SAN DIEGO (Feb. 9, 2015) Sailors assigned to the Los Angeles-class attack submarine USS San Francisco (SSN 711) stand on the bridge as it arrives pierside following a seven-month deployment. San Francisco executed the Chief of Naval Operations' maritime strategy in supporting national security interests and maritime security operations. (U.S. Navy photo by Mass Communication Specialist 2nd Class Kyle Carlstrom/Released)
Sailors and former crewmembers bid farewell at a Friday ceremony to the attack submarine that survived a devastating 2005 collision and would go on to serve another decade, including four more deployments.
The submarine San Francisco is being retired from the fleet after 35 years of service and will shift to Norfolk later this month to become a nuclear reactor training ship.
A look at its traumatic history:
The San Francisco 49ers cheerleaders visited their city's namesake submarine in 2004.Photo Credit: PH2 Dennis C. Cantrell/NavyThe submarine spent most of its 35 years of service in the Pacific. It was based in Pearl Harbor in 2004 when the San Francisco 49ers cheerleaders stopped by for a tour.
The Los Angeles-class fast-attack submarine USS San Francisco sits in a dry dock in Santa Rita, Guam Thursday, Jan. 27, 2005 for the assessment of damage sustained after running aground approximately 350 miles south of Guam Jan. 8, 2005. Photo Credit: Mark Allen Leonesio/NavyOn Jan. 8, 2005, the submarine struck an underwater mountain going nearly full speed. The violent collision slammed sailors into bulkheads and equipment. One crewmember recalled chaos and carnage from the impact, which was like hitting a cement wall at 40 mph. The shocked chief of the watch leaped back into action and actuated the emergency ballast tanks, bringing the sub to the surface from a depth of about 500 feet.
Two sailors, including Hospital Corpsman 1st Class James Akin, received the Meritorious Service Medal for treating crewmembers injured in the collision.Photo Credit: Jesse Leon Guerrero/NavyThe force of impact killed Machinist’s Mate 2nd Class Joseph Ashley and wounded dozens more. Hospital Corpsman 1st Class (SS) James Akin and another crewmember later received the Meritorious Service Medal for setting up an emergency triage center and caring for 70 injured shipmates.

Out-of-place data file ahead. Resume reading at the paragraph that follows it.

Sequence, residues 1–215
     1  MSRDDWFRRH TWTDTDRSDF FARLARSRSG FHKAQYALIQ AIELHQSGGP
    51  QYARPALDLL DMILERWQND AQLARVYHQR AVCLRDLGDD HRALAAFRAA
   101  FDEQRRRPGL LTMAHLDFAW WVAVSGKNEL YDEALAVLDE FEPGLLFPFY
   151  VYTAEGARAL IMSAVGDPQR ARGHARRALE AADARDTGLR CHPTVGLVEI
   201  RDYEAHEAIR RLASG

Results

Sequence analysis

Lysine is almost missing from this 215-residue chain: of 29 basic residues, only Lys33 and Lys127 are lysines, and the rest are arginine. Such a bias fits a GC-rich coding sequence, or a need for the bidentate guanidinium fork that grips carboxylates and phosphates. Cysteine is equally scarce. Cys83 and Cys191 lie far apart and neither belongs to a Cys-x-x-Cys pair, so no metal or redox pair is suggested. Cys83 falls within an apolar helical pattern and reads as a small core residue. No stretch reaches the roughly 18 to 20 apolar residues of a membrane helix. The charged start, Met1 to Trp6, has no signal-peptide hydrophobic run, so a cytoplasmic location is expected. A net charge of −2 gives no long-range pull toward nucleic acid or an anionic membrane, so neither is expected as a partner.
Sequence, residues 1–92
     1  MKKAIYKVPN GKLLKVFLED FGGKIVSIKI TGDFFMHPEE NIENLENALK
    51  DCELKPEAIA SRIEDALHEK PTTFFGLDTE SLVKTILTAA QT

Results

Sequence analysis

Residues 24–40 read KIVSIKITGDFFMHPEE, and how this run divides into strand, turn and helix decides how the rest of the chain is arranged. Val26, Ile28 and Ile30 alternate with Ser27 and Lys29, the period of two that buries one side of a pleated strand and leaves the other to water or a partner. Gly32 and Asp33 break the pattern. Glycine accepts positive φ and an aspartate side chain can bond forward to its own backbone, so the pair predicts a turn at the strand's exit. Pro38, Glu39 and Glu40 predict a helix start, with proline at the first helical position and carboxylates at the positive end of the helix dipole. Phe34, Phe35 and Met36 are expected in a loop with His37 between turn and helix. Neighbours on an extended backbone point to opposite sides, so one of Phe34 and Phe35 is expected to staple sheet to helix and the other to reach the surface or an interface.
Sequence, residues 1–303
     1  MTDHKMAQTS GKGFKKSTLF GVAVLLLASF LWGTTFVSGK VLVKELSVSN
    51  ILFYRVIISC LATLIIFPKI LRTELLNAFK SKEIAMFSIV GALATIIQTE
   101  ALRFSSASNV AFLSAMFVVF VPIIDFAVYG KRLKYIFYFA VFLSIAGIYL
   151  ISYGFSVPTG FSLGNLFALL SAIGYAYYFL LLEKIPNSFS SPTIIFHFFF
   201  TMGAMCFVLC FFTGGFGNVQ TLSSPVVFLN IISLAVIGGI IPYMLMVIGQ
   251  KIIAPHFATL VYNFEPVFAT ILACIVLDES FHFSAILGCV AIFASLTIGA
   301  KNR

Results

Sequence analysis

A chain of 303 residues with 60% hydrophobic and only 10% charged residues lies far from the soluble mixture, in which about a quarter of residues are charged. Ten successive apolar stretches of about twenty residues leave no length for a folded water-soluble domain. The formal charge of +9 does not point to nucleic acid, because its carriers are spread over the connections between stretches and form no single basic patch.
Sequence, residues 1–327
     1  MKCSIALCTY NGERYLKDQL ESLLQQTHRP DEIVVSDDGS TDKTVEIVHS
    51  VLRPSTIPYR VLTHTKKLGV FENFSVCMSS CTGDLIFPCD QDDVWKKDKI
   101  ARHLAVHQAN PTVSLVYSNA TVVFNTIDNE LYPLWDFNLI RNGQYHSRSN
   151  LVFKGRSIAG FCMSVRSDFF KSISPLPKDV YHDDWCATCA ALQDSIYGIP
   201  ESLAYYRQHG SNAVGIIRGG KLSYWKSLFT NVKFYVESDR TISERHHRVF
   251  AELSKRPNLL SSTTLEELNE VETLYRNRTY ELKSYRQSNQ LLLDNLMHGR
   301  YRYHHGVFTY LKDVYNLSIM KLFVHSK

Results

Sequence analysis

The sub's bow was repaired in Guam in 2005 and then it headed to Puget Sound Naval Shipyard for more repairs. It would take nearly three years to fix the extensive damages.Photo Credit: U.S. NavyThe impact crushed the submarine’s bow and caused at least $88 million in damages. A command investigation faulted the submarine’s commanding officer, Cmdr. Kevin Mooney, and his navigation team for failing to properly chart a safe voyage plan. They transited an area filled with undersea volcanoes when they could have avoided the area and also failed to take additional precautions, like more frequent soundings to check depth changes. It would take the better part of three years to return the San Francisco to operational service.
The crew returned to San Diego from the submarine's final deployment on Oct. 14.Photo Credit: PO2 Derek A. Harkins/NavyCrews would take the submarine on at least four more deployments. They returned to cheers in San Diego from their final cruise on Oct. 14. Later in November, the submarine will head to Norfolk for a two-year conversion to become a moored training ship, where future submariners will learn to safely operate nuclear reactors and engineering systems.
"By any measure, the San Francisco has had a stellar career as an operational submarine," said Cmdr. Jeff Juergens, the outgoing commanding officer, in a Nov., 4 ceremony in San Diego. "I've been extremely fortunate to be one of the few to command this fine submarine, and especially lucky to get to command San Francisco for the last three years, which have been so successful."
The command investigation report’s “accountability” section recommends disciplinary action against 36 Navy officials, from the amphib’s enlisted ranks up to the former three-star head of Naval Surface Force Pacific.
The U.S. is welcoming tens of thousands of Afghans airlifted out of Kabul but has disclosed little publicly about a small group who remain overseas: dozens who triggered potential security issues during security vetting and have been sent to an American base in the Balkan nation of Kosovo.
George Lucius Salton was a survivor of ten different concentration camps who served in the U.S. Army after liberation. His daughter tracked down families of Holocaust survivors for an emotional reunion.